Main roads of Calcutta still off limits for cycles
Police have issued a notification allowing free movement of cycles in all roads and lanes in Calcutta except for “main arterial roads and flyovers”.
Earlier, cycling during the day was prohibited in many of the city’s roads and lanes.
The move came a day after the state cabinet approved a policy of allowing cycles on “all small and medium roads” on Monday to ease the hardship of people in reaching offices and other destinations in the absence of adequate public transport.
“Calcutta police and other police commissionerates will issue a notification mentioning small and medium roads where cycles will be allowed. The decision has been taken considering that people are facing trouble to reach offices or workplaces in the absence of Metro,” chief minister Mamata Banerjee had said at Nabanna on Monday.
Based on the directive, a notification was issued by the police on Tuesday.
“For the sake of convenience of general public and in view of the restrictions imposed on public transport during the ongoing Corona pandemic… do hereby order that bicycles will be allowed in the lanes and bylanes within Calcutta Police jurisdiction. Restrictions will continue on the main arterial roads, flyovers and any other area as notified from time to time,” the notification signed by city police commissioner Anuj Sharma said.
The notification reminded cyclists that they were not above traffic rules. “Cyclists should obey one-way restrictions and other traffic rules and regulations.”
The order came into effect from Tuesday and will be in force till July 30.
Cycling was completely restricted or limited between 11pm and 7am on 62 roads and flyovers in the city. According to the new rule, cycles will be free to move on these roads without any restriction, the police said.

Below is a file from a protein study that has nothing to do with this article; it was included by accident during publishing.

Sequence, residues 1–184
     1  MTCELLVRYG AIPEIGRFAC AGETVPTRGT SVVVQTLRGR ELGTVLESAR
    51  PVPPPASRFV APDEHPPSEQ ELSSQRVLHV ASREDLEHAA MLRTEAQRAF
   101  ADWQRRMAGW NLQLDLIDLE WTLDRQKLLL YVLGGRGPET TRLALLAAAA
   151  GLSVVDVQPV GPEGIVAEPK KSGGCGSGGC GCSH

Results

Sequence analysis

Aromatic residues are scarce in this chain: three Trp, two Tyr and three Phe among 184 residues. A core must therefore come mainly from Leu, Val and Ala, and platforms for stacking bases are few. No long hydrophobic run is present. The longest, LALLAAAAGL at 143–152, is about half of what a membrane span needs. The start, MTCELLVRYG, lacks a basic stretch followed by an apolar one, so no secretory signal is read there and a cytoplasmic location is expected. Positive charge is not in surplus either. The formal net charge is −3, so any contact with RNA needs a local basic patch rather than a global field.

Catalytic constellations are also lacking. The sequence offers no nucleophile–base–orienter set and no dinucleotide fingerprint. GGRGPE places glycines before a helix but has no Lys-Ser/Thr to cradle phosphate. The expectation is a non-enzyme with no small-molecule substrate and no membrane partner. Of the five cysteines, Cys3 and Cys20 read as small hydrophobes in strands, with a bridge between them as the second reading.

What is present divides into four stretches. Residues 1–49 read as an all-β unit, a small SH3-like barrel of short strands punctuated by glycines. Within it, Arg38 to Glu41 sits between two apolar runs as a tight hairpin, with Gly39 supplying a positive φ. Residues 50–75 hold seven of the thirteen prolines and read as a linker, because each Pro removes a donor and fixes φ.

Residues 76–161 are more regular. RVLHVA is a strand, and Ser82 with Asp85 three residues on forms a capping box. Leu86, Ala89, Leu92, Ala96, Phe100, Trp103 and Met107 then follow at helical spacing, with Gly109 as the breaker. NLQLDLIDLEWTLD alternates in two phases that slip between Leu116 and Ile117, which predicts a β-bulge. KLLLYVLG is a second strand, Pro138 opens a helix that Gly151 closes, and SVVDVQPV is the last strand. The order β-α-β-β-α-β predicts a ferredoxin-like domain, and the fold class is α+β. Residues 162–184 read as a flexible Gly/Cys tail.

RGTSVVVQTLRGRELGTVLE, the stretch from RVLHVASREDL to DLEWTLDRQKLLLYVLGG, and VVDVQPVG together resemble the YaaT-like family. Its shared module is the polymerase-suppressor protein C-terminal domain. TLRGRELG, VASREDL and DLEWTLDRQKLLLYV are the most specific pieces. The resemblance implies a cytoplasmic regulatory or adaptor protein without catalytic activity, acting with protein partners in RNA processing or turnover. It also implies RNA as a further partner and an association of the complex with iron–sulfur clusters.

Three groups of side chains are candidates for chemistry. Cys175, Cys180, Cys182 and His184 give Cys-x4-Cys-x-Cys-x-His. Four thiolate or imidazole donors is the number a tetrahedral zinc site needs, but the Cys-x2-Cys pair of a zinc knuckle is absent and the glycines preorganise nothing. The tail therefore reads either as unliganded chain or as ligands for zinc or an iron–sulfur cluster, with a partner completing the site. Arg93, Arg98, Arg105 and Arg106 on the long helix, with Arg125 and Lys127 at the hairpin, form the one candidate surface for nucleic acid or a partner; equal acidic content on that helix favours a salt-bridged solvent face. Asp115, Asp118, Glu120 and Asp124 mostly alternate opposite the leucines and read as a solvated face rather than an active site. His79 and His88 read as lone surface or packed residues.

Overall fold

“There are many lanes in the city that run parallel to the thoroughfares. If people want to commute through these, they will not be stopped,” a traffic police officer said.
Cycles will be allowed on thoroughfares only at crossings to reach a lane, the officer said.
Several Calcuttans have started using cycles, mostly because there is not enough public transport to accommodate everyone going to office. Some have been peddling more than 20km to reach their offices in Calcutta to avoid the discomfort of travelling in an overcrowded bus in the absence of local trains.
Traditionally, slow-moving vehicles like hand-pulled carts, rickshaws and cycles are banned on major roads
because they reduce the speed of other vehicles, the police said.
“Just because a cycle does not have a number plate and cannot be identified it does not mean a cyclist will not be prosecuted if found violating traffic rules,” a traffic police officer said.
Allegations often emerge that the slow moving vehicles do not follow the traffic rules and often result into causing accidents when they illegally come out on the thoroughfares.
By officially allowing cycles on the lanes and bylanes, the police would expect the bicyclists to be more cautious about the traffic rules.